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Bullets and Bonbons - All’s Fair in Love and War - The Chocolate Soldier [1965, Chicago, Civic Opera House]

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Film Identifier: F.2011-05-0142
Run Time
0h 40m 54s
Date Produced
Bullets and Bonbons, choreographed by Ruth Page, is based on the 1908 operetta "The Chocolate Soldier" by Oscar Straus, which is itself based on George Bernard Shaw's 1894 play, "Arms and the Man." The ballet was premiered in 1965, performed by Karl Musil from the Vienna Opera Ballet, and Irina Borowska. This film represents a rehearsal version, performed by some of Page's company dancers, which seems to take place in the Chicago Civic Opera House. The film canister label suggests that at least some of the ballet is rehearsed without music, though it does include music credits to Straus for composing and Van Grove for arranging it.
The film opens with a young girl (in practice clothes) enjoying a book and some bonbons in her bed; nearby are a wall with a window onto a balcony and another wall with a door. She appears to hear a noise and, while she is distracted, a criminal with a gun scurries through her room and out the window. She is soon joined by more women and a group of detectives searching for the criminal. They are soon joined by a strapping fellow who proposes to the young woman after the investigators leave. They then perform a loving pas de deux. After he exits through the set door, she continues to dance with what appears to be a photo of him. As she finishes this dance, the criminal reenters through her window, frightening her. Though he points his gun at her and another female who enters the room, he soon sees the box of bonbons, drops the gun, and begins to gobble them up. The girl tries to threaten him with his forgotten gun, but this is unsuccessful; he subsequently performs a solo dance in an attempt to win over the women. This works on the two accompanying women, but not the main character--at least, not at first. He eventually convinces her to dance with him and then kisses her. She reels, and her companions then quickly hide him under her bed as the investigators return. Eventually, they think to look under the bed but he manages to elude their grasp and escapes out the window once again. The film soon cuts to a scene in which the young woman flirtatiously taunts the criminal, who has returned, with a platter of bonbons. They soon find themselves together on her bed, bonbons gone. Her female friends return and see the couple, scandalized. The young woman apparently convinces her friends of her innocence, however; soon all three are taking care of him as if he's bedridden by illness. Then, when no one is looking, the criminal steals the empty bonbons container and the young woman's dressing gown, escaping once again through the window. Afterwards a large group of women enters the stage and performs an ensemble dance. As part of the choreography, they disassemble the set, with help from a group of men who enter. The film then cuts to a completely different backdrop, a single large wall upon which a stylized city block is painted, with families in many of the windows and soldiers standing in the street. On the stage, the same two groups of men and women who disassembled the bedroom set now dance together. The young woman's fiancé soon enters and becomes center of attention as he performs a solo. After the rest of the crowd exits, a young female admirer stays behind and persuades the fiancé to dance with her--she also steals a few kisses. Eventually, the criminal arrives and sees this forbidden romance unfolding just before the two exit together. He then performs a delighted solo. Next, the film cuts to another large ensemble dance with both men and women. Then a man enters, apparently with a bottle of alcohol, and after him the fiancé's admirer returns for a solo. Following them, two maidens enter with wedding dresses, offering them up for interested parties. Afterwards, the young woman from the first scene enters in her wedding dress, accompanied shortly by her fiancé; the fiancé's admirer looks on and the criminal spies the scene from one of the windows in the set. Soon, he arrives with his briefcase containing her dressing gown, but before he can present it to the couple, a group of men intervenes. Even so, the case falls into the fiancé's admirer's possession, and she opens it to reveal the dressing gown; the bride-to-be quickly hides it behind her back but her fiancé discovers it and thus accuses the criminal of having slept with her. The bride-to-be indignantly gives back her ring and the criminal refuses the now-ex-fiancé's attempt to fight. The admirer is happy to be handed the discarded wedding dress, and the "angry" ex-fiancé drags her offstage with him, leaving the criminal and the young woman alone onstage together. He expects affection from her, but she is cold to him as well. After a bit of coaxing, she warms up to him again; they perform a long, intimate pas de deux. Eventually, they are joined by groups of men and women, and all dance as an ensemble of couples. This marks the beginning of the finale: next the drunkard with the bottle and his companion enter and dance briefly, followed by the ex-fiancé and his admirer. Finally, the young woman and her criminal retake center stage. The women with wedding gowns then return and kneel beside them as all strike their final pose. Just before the film ends, all rise and begin moving about freely, marking the end of the choreography.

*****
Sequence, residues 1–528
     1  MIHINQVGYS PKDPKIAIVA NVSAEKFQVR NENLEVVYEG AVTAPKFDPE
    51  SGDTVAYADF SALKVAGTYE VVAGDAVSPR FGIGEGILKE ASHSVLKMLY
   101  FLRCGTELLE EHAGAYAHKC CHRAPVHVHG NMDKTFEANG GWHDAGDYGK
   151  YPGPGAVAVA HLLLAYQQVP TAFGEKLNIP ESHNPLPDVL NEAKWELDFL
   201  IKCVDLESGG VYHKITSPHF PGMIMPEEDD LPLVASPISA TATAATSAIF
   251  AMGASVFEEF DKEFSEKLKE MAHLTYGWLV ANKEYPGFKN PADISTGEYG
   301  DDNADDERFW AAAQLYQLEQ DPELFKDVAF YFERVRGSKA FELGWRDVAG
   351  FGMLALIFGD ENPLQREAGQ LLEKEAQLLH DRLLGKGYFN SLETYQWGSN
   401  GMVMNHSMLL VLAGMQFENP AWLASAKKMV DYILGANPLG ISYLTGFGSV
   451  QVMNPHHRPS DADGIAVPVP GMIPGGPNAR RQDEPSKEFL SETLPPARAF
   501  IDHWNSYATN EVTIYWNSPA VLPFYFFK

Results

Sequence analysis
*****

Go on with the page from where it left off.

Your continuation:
Additional Credit
Page, Ruth (is choreographer)
Straus, Oscar (is composer)
Van Grove, Isaac (music)
Actors, Performers and Participants
Klekovic, Patricia (is performer)
Johnson, Kenneth (is performer)
Schick, Charles (is performer)
Armin, Jeanne (is performer)
Long, Larry (is performer)
Fisera, Vicki (is performer)
Related Place
Chicago (production location of)